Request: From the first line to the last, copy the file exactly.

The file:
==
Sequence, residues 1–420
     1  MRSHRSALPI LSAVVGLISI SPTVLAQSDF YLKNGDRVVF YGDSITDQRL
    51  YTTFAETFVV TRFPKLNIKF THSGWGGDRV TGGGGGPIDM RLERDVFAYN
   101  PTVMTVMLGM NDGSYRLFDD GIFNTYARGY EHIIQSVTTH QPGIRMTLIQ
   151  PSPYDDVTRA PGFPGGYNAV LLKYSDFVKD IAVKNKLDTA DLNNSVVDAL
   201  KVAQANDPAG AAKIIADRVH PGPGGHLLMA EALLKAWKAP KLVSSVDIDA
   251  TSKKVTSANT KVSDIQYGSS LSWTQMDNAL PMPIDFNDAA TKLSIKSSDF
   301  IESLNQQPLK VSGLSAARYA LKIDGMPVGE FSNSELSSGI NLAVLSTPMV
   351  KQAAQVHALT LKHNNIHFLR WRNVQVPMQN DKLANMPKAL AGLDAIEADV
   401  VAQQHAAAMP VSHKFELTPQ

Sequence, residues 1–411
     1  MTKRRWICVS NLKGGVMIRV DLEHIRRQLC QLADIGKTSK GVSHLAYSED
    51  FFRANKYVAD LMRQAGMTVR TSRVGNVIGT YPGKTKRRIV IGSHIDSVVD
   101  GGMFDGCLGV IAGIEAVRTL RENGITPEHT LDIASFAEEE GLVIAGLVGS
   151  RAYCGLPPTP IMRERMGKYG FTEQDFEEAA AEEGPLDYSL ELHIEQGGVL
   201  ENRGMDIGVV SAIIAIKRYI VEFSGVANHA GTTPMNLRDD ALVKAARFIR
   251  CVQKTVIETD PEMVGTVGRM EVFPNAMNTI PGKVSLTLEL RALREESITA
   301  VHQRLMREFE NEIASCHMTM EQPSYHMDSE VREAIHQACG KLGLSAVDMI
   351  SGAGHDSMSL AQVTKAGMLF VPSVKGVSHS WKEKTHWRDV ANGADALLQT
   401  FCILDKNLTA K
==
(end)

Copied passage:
Sequence, residues 1–420
     1  MRSHRSALPI LSAVVGLISI SPTVLAQSDF YLKNGDRVVF YGDSITDQRL
    51  YTTFAETFVV TRFPKLNIKF THSGWGGDRV TGGGGGPIDM RLERDVFAYN
   101  PTVMTVMLGM NDGSYRLFDD GIFNTYARGY EHIIQSVTTH QPGIRMTLIQ
   151  PSPYDDVTRA PGFPGGYNAV LLKYSDFVKD IAVKNKLDTA DLNNSVVDAL
   201  KVAQANDPAG AAKIIADRVH PGPGGHLLMA EALLKAWKAP KLVSSVDIDA
   251  TSKKVTSANT KVSDIQYGSS LSWTQMDNAL PMPIDFNDAA TKLSIKSSDF
   301  IESLNQQPLK VSGLSAARYA LKIDGMPVGE FSNSELSSGI NLAVLSTPMV
   351  KQAAQVHALT LKHNNIHFLR WRNVQVPMQN DKLANMPKAL AGLDAIEADV
   401  VAQQHAAAMP VSHKFELTPQ

Sequence, residues 1–411
     1  MTKRRWICVS NLKGGVMIRV DLEHIRRQLC QLADIGKTSK GVSHLAYSED
    51  FFRANKYVAD LMRQAGMTVR TSRVGNVIGT YPGKTKRRIV IGSHIDSVVD
   101  GGMFDGCLGV IAGIEAVRTL RENGITPEHT LDIASFAEEE GLVIAGLVGS
   151  RAYCGLPPTP IMRERMGKYG FTEQDFEEAA AEEGPLDYSL ELHIEQGGVL
   201  ENRGMDIGVV SAIIAIKRYI VEFSGVANHA GTTPMNLRDD ALVKAARFIR
   251  CVQKTVIETD PEMVGTVGRM EVFPNAMNTI PGKVSLTLEL RALREESITA
   301  VHQRLMREFE NEIASCHMTM EQPSYHMDSE VREAIHQACG KLGLSAVDMI
   351  SGAGHDSMSL AQVTKAGMLF VPSVKGVSHS WKEKTHWRDV ANGADALLQT
   401  FCILDKNLTA K